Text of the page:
Even for a small business, integral business security systems can cost tens of thousands of dollars to implement. With that much money going into a project, it’s essential that you have the right person leading the team. That’s where an IT architect comes into the picture. You might be wondering, “what is IT architecture, exactly?”
What Is IT Architecture?
IT architecture explained proves to be quite simple. Architecture is traditionally defined as the art of designing and constructing buildings. In the case of information technology architecture, this definition is fleshed out further. It’s often summarized as a series of best practices used to direct the creation and interfacing of IT resources. Much like an architect constructs a building, an IT architect constructs systems and solutions.
There are many types of IT architects you could hire, namely, enterprise architects, software architects, and infrastructure architects. Still, the overall goal of IT architecture is to align your technical systems with your business’s objectives. It also ensures consistent and universal delivery of IT designs and solutions.
IT architecture offers a host of benefits for any company that takes the time to implement it. However, the impact on cybersecurity is of particular interest to most organizations. This is how IT architecture can improve your business’s security.
1. Clarifies IT Structure and Strategy With Best Practices and Planning
The guiding principles of information technology architecture focus on aligning IT systems with business goals. At the same time, with IT architecture explained, it also means eliminating silos. In other words, it connects departments with collaborative tools and mindsets. On the surface, these things may seem great for company culture and productivity — but perhaps less important to security.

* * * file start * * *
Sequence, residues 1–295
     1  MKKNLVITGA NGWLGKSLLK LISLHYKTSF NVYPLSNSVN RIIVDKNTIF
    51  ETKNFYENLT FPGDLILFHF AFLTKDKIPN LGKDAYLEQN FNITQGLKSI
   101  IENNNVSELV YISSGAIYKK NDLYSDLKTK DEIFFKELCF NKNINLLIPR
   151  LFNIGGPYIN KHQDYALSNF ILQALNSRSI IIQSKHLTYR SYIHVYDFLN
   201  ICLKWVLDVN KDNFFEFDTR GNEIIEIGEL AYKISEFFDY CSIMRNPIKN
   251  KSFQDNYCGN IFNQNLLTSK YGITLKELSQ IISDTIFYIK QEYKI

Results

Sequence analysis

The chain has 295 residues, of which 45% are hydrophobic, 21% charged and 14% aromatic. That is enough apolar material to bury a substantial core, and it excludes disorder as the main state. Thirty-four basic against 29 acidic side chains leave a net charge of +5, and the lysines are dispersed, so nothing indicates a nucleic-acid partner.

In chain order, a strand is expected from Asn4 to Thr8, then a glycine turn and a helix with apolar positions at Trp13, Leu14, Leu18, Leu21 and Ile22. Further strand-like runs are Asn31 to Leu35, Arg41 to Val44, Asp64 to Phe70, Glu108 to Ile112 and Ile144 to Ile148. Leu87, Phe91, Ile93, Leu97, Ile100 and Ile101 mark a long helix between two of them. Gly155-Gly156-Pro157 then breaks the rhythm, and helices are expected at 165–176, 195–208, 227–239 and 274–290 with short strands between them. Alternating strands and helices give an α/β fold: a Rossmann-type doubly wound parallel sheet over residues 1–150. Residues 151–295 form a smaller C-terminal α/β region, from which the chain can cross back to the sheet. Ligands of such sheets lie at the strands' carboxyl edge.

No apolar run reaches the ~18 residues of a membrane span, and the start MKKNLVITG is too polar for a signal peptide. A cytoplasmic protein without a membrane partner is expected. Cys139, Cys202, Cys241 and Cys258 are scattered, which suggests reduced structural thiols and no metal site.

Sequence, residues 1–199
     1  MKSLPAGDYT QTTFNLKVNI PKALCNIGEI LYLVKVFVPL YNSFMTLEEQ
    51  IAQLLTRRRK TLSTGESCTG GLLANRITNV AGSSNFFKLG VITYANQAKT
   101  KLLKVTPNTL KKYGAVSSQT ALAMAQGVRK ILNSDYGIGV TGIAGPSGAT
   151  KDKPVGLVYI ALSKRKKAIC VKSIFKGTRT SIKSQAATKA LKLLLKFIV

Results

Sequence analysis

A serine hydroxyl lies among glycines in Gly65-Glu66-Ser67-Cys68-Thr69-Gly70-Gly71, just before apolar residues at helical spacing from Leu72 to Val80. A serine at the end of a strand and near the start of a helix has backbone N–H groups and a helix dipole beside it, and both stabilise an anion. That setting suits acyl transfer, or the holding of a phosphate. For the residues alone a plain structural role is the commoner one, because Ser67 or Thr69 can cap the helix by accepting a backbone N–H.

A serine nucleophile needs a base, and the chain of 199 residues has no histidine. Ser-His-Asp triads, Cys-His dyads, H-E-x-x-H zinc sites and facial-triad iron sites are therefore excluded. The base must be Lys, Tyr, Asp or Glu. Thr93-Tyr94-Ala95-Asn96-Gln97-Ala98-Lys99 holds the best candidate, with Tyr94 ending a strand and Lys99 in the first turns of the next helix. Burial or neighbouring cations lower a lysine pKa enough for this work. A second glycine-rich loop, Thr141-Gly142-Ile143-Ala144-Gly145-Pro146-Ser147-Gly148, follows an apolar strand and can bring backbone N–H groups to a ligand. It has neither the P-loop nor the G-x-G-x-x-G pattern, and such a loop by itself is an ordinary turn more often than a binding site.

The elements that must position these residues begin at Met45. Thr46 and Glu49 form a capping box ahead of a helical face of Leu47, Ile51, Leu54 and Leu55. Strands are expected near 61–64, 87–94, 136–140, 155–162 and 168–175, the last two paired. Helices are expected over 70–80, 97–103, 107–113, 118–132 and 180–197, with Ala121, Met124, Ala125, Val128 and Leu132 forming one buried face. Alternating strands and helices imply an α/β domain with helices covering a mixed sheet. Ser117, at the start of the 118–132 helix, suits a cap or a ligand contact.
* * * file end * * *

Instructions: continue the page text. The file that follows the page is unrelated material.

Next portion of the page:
Upon closer inspection, the thoughtful structure and strategy IT architecture brings to your systems becomes clear. This helps reduce the security risks associated with IT mishaps. These include things like redundancy in data and applications, along with “shadow IT.”
Shadow IT is extremely common and refers to projects that are managed outside of the IT department without its knowledge. Information technology architecture reduces the risks and costs associated with mishaps like shadow IT. It does this by ensuring every internal project is driven by a common goal. It also ensures IT projects are carried out with the involvement and alignment of every department.
2. Ensures Compliance With the General Data Protection Regulation (GDPR)
The General Data Protection Regulation is part of EU law. Yet, these data protection and privacy regulations apply to any company, anywhere in the world. If you plan to accept traffic from the European Union, you must follow GDPR. Since most companies aren’t keen on blocking every visitor from the EU and EEA areas, seeking compliance is crucial.